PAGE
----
A quick U-turn

Questions over advisability & validity of ordinance to protect convicted lawmakers cited as reasons

October 02, 2013 11:01 am | Updated November 16, 2021 09:47 pm IST - New Delhi

Five days after Congress vice president Rahul Gandhi publicly censured the government, the Union Cabinet, at a brisk 20-minute meeting on Wednesday evening, decided to withdraw the controversial ordinance on convicted lawmakers, as well as the Bill that sought to amend the Representation of the People Act on which it was based.

Union Minister of Information and Broadcasting Manish Tiwari described the cabinet decision as “unanimous”, but it was taken only after Union agriculture minister and Nationalist Congress Party leader Sharad Pawar, government sources said, read his colleagues a homily. Such a dramatic U-turn was embarrassing for the government, he said, because it showed that the ordinance was rushed through without careful thought. He also underscored the fact that the Prime Minister and the Cabinet are institutions that cannot afford to be undermined.

The government had walked into an opposition trap, Mr. Pawar said, referring to the fact that the government had initially wished to amend Articles 101 and 102 of the Constitution (that relate to vacancy of seats and disqualification of members) along with the proposed changes in the Representation of People Act, so that the two would be in sync. But the BJP, while agreeing to the changes in the RPA Act, had refused to cooperate on amending the Constitution. Later, as Union parliamentary affairs minister Kamal Nath has publicly said, the BJP reneged even on this. And the government went along with the Bill and the ordinance as it was keen to overturn the July 10 Supreme Court ruling that had said that convicted lawmakers would face immediate disqualification.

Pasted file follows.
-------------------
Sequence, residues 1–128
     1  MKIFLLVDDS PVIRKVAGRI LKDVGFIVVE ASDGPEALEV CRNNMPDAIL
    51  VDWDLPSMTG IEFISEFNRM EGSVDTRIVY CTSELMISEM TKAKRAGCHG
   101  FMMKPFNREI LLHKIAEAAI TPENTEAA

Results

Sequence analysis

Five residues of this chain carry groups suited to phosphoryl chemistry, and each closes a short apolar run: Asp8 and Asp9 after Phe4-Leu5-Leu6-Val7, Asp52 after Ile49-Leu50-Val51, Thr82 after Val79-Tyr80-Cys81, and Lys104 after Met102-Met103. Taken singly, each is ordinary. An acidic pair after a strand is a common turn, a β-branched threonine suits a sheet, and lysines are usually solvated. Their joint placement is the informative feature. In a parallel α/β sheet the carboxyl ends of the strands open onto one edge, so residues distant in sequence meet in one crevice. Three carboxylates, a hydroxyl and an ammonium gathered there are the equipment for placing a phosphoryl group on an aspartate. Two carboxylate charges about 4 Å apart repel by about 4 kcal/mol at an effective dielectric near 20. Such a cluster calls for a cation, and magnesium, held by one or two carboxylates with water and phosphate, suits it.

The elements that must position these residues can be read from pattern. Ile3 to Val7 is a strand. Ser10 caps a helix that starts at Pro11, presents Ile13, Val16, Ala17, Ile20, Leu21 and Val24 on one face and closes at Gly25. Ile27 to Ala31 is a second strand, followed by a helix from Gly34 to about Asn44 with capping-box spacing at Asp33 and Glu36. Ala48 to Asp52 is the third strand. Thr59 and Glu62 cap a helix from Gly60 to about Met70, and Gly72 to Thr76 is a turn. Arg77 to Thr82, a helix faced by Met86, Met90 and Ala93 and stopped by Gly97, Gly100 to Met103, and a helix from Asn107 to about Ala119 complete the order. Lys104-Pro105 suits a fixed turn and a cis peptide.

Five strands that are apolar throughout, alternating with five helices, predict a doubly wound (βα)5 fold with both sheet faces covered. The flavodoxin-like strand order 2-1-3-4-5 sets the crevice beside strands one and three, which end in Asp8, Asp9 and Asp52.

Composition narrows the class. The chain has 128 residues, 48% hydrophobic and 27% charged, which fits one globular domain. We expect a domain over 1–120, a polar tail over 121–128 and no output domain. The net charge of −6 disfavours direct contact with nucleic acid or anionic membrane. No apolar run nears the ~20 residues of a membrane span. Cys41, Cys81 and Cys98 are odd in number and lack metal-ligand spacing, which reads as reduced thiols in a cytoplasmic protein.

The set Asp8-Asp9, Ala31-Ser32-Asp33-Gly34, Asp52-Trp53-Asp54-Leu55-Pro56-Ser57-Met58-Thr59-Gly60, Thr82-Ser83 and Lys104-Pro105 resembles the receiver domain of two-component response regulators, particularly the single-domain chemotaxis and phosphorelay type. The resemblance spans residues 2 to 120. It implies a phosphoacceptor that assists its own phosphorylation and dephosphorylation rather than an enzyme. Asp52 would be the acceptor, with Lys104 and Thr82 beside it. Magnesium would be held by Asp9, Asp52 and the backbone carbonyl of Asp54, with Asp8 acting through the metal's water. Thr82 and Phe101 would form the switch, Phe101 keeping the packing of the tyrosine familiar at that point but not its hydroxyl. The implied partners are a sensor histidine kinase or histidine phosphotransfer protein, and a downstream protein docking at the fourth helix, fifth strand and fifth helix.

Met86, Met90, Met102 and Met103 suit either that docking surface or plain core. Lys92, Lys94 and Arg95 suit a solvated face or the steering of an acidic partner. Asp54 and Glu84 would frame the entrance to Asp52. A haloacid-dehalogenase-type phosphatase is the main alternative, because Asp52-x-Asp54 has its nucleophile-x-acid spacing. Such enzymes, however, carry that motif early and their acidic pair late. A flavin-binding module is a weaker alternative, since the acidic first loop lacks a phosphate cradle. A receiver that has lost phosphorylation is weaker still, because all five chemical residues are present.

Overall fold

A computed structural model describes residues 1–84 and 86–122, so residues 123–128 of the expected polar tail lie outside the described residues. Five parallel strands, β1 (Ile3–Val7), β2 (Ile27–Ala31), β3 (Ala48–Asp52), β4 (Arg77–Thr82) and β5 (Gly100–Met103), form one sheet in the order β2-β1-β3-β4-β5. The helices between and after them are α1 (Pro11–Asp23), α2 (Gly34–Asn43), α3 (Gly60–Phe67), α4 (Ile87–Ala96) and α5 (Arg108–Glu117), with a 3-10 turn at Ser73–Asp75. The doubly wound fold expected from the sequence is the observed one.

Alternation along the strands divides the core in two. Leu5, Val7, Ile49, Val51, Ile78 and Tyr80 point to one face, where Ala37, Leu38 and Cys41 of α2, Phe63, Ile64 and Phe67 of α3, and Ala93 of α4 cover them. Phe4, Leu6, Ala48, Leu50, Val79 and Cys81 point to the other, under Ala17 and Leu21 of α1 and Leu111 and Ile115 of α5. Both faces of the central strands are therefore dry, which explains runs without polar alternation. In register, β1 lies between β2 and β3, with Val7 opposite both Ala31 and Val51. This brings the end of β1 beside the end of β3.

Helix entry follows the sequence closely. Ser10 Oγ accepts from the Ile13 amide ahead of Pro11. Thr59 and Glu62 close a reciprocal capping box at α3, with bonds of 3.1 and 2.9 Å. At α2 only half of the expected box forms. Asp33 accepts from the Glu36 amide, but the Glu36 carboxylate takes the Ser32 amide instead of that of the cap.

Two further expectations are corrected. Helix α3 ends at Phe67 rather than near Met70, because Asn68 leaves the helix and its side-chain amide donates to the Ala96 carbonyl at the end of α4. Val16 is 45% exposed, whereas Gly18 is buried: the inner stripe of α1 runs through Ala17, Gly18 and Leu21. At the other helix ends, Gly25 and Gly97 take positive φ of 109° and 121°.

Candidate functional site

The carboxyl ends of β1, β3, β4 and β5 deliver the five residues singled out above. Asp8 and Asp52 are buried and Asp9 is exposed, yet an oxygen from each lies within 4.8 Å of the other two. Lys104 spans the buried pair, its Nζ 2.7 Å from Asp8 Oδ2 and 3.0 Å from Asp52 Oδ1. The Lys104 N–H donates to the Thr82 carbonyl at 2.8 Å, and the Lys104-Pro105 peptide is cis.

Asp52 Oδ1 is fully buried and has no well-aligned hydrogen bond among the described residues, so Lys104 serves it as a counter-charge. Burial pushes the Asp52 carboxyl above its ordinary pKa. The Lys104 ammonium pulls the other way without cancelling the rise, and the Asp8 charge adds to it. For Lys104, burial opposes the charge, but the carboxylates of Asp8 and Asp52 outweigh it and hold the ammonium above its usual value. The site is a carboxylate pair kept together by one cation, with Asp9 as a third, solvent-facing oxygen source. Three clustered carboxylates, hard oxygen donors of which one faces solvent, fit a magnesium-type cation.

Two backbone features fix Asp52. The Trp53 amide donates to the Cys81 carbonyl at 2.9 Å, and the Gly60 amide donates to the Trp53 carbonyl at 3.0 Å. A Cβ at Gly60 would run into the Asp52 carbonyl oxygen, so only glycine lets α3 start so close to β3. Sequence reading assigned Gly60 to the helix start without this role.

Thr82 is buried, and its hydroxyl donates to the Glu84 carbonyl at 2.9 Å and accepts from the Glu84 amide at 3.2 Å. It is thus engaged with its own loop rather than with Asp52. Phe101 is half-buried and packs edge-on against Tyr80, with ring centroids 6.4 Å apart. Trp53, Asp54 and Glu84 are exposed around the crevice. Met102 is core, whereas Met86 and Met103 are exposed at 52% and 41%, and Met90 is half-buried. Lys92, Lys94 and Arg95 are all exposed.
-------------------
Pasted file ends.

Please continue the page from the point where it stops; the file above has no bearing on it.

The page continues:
Indeed, it is learnt that on Wednesday, shortly before the Union cabinet met, Attorney General (AG) Goolam Vahanvati met Prime Minister Manmohan Singh and stressed that without the constitutional amendments, the ordinance could be challenged in court. The government statement announcing the withdrawal of the ordinance hinted at this: “Having regard to various concerns, which have been expressed in relation to the validity and advisability of the proposed Ordinance seeking to amend the Representation of People's Act,” it said “the Cabinet has decided to withdraw the proposal for promulgating the Ordinance as well as the Bill.”

Congress sources said that after the Union cabinet had cleared the ordinance on September 24, Mr. Gandhi had sought the opinion of a government legal officer who had pointed out the pitfall mentioned above. It is also learnt that President Pranab Mukherjee, too, had consulted legal experts who had given him the identical view — after which he had called Union Law Minister Kapil Sibal and Union Home Minister Sushilkumar Shinde for a briefing on September 26. Wednesday evening’s decision came at the end of a long day for the Prime Minister: Mr Gandhi met him at his 7, Race Course residence to express his regret for the timing and language of his public censure, but reiterated his staunch opposition to the order. After the 25-minute meeting with Mr. Gandhi, the Prime Minister called on the President to inform him of the government’s decision to rescind the ordinance.

The Congress Core Group — of which both the Prime Minister and Congress President Sonia Gandhi are members — too met on Wednesday morning on the issue. The Prime Minister called up the leaders of the UPA’s allied parties — the NCP’s Sharad Pawar, the RLD’s Ajit Singh and the National Conference’s Farooq Abdullah — ahead of the cabinet meeting. He told them of his intention of withdrawing the ordinance.

Meanwhile, Mr. Tewari sought to give a positive spin. “Yes, there was a view articulated by Rahul Gandhi and possibly it was based on the widest possible feedback… under those circumstances it was decided to take back both the bill and ordinance.”

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